The United States Supreme Court, on May 20, 2013, held, in PPL Corp. v. Commissioner, that the United Kingdom’s one-time "windfall tax" imposed on U.K. utilities that were privatized between 1984 and 1996 is eligible for a foreign tax credit because the tax was, in substance, a tax on income.
The U.S. permits a foreign tax credit on any income, war profits and excess profits taxes paid overseas. A foreign tax is creditable if the tax’s predominant character is that of an income tax in the U.S. sense. The substance of the foreign tax, and not the characterization of the tax by the foreign government, is determinative.
The windfall tax was a one-time tax intended to recover a portion of the difference between the price at which a regulated company was privatized and the price at which the regulated company should have been privatized (given the profits actually earned after privatization). The price at which a company should have been privatized was determined by a formula that took into account a company’s profits and the period in which it was subject to rate regulation. In form, the tax was imposed on a company’s valuation. However, the major independent variable used to calculate value was a company’s profits. The Court therefore held the windfall tax was, in substance, imposed on the excess profits earned by the privatized companies. The economic substance of a tax, not its form, matters when determining whether a foreign tax is to be considered an income tax in the U.S. sense, with Justice Clarence Thomas, writing for the Court stating, "we apply the predominant character test using a commonsense approach that considers the substantive effect of the tax."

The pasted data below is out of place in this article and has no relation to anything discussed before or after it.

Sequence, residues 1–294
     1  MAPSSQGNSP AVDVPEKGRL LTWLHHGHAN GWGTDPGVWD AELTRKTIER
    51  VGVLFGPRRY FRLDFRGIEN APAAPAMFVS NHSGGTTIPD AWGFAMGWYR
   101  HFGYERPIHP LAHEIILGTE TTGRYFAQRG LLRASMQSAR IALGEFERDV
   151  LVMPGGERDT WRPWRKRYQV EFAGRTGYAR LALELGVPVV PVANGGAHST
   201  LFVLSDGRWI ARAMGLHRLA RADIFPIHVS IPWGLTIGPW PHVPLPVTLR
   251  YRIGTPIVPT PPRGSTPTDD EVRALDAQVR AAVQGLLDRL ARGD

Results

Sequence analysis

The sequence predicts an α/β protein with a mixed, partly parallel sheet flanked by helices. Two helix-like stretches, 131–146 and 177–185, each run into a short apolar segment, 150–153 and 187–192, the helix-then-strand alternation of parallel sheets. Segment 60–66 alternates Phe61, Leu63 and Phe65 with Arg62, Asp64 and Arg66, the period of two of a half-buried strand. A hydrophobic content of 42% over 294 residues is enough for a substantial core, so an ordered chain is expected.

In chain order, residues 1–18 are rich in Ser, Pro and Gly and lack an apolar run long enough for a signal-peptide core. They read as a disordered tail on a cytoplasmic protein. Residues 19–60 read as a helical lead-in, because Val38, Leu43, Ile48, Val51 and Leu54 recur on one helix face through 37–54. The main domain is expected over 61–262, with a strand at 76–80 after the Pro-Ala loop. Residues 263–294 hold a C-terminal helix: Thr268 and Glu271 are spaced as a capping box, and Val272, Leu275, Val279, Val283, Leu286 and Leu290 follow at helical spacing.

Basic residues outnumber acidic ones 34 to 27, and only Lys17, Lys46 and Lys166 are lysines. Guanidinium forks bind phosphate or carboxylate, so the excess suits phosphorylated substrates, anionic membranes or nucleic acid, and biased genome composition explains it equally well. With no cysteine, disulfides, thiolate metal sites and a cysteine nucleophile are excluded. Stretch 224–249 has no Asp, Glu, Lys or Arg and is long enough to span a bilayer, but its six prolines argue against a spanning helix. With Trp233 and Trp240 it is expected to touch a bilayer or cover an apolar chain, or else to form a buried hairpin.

This case reaffirms the principle that "the way a foreign government characterizes its tax is not dispositive with respect to the U.S. creditability analysis."